Prevention and Management of Infusion-Associated Reactions in the Comparison of Alemtuzumab and Rebif(®) Efficacy in Multiple Sclerosis (CARE-MS) Program.Int J MS Care. 2015 Jul-Aug; 17(4):191-8.IJ
Alemtuzumab is a humanized monoclonal antibody approved in several countries for treatment of relapsing-remitting multiple sclerosis (RRMS). This report summarizes the experience with infusion-associated reactions (IARs) in two phase 3 trials of alemtuzumab in RRMS and examines skilled nursing interventions in IAR prevention and management.
In the Comparison of Alemtuzumab and Rebif(®) Efficacy in Multiple Sclerosis (CARE-MS) studies, patients with RRMS (treatment naive [CARE-MS I] or with inadequate response [defined as at least one relapse] to previous therapy [CARE-MS II]) received intravenous infusions of alemtuzumab 12 mg/day on 5 consecutive days at baseline and on 3 consecutive days 12 months later. Patients were monitored for IARs during and after each infusion. An IAR was defined as any adverse event occurring during any infusion or within 24 hours after infusion.
The IARs affected 90.1% of patients receiving alemtuzumab. The most common IARs were headache, rash, pyrexia, nausea, and flushing; most were mild to moderate in severity. Management of IARs consisted of infusion interruption or rate reduction, pharmacologic therapies, and continual patient education and support. Medication administration before and during alemtuzumab infusion reduced IAR severity. Forty-five of 972 alemtuzumab-treated patients (4.6%) required interruption of the first treatment course (ie, infusions did not occur on consecutive days); of these, 24 (53.3%) were still able to complete the first and second full treatment courses.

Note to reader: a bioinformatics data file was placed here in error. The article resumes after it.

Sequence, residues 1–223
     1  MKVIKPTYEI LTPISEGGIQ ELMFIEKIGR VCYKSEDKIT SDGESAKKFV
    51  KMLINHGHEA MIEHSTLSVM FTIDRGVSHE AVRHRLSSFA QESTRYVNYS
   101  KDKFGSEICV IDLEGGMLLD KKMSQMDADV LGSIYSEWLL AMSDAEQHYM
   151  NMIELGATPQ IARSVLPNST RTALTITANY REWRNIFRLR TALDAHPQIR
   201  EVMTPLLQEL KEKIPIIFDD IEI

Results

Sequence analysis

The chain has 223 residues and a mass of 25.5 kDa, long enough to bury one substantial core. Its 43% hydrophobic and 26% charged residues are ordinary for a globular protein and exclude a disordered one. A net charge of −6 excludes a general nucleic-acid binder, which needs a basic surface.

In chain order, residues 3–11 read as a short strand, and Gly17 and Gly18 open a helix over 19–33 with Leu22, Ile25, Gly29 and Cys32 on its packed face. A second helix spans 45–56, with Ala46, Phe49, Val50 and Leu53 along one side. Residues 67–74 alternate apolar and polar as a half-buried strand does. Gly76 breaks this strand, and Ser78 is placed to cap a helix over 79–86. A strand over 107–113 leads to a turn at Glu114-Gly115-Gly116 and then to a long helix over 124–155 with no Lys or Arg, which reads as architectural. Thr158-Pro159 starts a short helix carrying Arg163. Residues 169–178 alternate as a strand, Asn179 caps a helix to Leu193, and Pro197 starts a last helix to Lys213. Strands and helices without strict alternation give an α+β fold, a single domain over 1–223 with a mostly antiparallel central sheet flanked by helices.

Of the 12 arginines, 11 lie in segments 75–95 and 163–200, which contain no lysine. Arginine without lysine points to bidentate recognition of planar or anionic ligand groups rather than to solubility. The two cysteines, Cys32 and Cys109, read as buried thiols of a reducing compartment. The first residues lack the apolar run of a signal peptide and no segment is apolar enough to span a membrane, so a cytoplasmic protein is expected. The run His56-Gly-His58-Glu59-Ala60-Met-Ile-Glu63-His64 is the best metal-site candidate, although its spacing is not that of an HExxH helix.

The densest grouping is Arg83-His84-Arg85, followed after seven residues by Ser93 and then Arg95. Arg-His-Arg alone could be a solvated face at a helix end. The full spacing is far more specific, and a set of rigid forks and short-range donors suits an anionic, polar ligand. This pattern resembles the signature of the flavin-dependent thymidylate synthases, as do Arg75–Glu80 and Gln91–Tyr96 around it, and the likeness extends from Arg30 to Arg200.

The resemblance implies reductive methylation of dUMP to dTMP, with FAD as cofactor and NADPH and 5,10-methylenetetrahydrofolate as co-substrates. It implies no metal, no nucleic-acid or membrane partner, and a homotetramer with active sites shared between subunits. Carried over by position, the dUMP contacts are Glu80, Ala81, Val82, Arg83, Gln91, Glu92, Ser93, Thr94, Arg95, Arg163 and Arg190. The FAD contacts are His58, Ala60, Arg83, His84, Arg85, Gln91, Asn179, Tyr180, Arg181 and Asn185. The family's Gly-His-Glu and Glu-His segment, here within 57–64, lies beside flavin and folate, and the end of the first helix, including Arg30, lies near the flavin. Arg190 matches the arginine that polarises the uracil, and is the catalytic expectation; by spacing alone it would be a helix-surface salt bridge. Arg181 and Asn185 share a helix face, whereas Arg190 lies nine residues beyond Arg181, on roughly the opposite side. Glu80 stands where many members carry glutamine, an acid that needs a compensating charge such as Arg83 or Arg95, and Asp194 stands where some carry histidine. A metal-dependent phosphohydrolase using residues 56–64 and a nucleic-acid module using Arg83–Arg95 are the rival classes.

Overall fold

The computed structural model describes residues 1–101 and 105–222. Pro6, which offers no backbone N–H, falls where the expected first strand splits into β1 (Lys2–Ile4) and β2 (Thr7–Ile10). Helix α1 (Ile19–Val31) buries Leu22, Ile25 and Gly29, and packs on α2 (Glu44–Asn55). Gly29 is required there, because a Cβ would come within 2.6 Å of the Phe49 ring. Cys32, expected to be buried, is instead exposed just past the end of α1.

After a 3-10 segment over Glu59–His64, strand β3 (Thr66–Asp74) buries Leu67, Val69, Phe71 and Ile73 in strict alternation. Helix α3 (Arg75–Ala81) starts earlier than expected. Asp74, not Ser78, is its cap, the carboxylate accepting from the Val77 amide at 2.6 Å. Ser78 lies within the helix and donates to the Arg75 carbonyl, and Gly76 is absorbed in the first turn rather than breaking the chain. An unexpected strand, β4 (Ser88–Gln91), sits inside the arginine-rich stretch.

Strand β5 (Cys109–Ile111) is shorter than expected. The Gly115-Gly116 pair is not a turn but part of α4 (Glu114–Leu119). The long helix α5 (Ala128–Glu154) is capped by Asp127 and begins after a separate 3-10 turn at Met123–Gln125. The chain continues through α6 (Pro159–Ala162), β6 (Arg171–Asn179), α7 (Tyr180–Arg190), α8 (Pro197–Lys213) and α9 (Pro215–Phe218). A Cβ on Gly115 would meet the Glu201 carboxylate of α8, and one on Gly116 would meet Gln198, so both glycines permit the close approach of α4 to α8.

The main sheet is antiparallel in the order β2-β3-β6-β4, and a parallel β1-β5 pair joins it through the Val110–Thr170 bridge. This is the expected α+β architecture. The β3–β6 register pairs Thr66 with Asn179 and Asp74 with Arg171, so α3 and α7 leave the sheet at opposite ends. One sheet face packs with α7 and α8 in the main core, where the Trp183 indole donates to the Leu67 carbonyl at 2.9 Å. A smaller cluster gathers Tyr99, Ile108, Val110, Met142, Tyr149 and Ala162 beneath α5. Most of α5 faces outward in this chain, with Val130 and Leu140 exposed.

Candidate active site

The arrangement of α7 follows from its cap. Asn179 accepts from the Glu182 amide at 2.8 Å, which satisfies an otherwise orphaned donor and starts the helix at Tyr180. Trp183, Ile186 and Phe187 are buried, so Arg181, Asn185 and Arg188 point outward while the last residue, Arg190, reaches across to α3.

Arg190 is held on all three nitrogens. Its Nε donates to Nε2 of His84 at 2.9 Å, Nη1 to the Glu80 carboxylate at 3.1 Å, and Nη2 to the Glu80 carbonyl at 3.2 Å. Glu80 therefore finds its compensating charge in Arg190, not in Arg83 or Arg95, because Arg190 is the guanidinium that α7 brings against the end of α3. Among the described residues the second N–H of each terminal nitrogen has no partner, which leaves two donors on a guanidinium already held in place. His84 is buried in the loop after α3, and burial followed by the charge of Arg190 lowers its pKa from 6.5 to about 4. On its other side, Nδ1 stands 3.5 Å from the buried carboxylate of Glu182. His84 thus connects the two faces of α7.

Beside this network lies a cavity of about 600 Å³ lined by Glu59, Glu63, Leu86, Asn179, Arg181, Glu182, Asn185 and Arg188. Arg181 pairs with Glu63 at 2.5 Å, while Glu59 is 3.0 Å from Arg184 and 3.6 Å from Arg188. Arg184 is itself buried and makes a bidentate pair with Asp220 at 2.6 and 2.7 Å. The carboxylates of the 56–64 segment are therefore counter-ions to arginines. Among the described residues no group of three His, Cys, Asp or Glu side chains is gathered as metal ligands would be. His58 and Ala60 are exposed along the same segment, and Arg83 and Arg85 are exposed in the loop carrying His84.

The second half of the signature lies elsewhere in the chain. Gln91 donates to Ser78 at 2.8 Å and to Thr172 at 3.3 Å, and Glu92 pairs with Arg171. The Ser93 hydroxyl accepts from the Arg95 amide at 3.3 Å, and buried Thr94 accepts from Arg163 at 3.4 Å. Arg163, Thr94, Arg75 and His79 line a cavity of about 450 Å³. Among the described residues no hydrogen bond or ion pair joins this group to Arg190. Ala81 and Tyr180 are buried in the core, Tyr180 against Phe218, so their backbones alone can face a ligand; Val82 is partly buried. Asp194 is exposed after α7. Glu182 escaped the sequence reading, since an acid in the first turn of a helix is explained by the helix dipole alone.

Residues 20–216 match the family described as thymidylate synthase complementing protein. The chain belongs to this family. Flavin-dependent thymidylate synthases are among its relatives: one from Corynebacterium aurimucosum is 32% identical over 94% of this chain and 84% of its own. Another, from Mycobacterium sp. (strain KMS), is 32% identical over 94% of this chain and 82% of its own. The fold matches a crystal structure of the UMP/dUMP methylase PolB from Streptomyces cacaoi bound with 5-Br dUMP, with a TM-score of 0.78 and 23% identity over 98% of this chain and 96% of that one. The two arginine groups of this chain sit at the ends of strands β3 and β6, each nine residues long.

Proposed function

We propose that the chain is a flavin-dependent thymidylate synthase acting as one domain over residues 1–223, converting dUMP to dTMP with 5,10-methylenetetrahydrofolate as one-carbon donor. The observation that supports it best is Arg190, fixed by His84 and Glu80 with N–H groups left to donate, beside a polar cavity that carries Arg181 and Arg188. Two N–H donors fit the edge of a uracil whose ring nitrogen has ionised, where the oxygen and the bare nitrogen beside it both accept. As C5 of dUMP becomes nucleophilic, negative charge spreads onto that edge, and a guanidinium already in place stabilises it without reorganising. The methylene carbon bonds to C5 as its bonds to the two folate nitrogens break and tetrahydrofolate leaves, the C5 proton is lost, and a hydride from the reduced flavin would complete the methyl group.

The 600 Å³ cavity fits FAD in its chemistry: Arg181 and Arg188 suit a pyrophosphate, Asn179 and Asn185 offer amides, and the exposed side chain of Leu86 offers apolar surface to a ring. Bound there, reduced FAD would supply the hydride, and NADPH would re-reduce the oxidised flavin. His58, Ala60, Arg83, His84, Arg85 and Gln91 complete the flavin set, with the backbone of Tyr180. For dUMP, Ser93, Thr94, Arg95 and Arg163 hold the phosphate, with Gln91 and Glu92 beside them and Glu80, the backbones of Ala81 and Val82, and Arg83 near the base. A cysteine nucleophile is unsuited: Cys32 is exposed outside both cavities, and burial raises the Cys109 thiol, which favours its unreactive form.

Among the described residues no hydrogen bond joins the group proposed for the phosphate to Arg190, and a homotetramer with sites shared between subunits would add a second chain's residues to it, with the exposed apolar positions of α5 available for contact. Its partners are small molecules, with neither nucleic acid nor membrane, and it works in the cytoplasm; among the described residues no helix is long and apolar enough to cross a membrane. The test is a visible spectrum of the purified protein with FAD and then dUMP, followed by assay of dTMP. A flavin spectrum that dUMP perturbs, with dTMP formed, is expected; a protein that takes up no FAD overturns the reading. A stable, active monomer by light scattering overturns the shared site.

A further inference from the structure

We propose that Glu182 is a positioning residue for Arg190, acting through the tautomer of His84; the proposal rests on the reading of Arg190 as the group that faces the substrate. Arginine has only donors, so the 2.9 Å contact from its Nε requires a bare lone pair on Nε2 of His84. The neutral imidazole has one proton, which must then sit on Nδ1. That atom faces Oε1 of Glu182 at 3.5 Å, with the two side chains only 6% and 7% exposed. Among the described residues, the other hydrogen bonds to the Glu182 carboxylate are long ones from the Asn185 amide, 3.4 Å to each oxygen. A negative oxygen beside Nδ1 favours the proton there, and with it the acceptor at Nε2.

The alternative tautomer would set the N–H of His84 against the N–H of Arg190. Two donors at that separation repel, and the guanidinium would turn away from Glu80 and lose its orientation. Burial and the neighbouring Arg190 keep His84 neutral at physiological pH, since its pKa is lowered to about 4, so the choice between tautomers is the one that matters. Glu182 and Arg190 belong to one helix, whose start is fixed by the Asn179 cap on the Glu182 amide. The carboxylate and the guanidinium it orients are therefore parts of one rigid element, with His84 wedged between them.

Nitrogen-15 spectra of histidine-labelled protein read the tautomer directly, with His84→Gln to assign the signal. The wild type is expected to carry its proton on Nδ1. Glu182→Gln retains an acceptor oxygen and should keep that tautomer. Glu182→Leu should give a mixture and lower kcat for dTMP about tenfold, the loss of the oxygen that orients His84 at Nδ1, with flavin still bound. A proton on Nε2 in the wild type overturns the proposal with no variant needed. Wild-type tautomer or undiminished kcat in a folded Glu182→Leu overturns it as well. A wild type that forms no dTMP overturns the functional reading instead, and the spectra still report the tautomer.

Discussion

Nurses played an invaluable role in the detection and management of IARs in the CARE-MS studies. Best practices for management of IARs associated with alemtuzumab include patient and caregiver education, medication to lessen IAR severity, infusion monitoring, and discharge planning.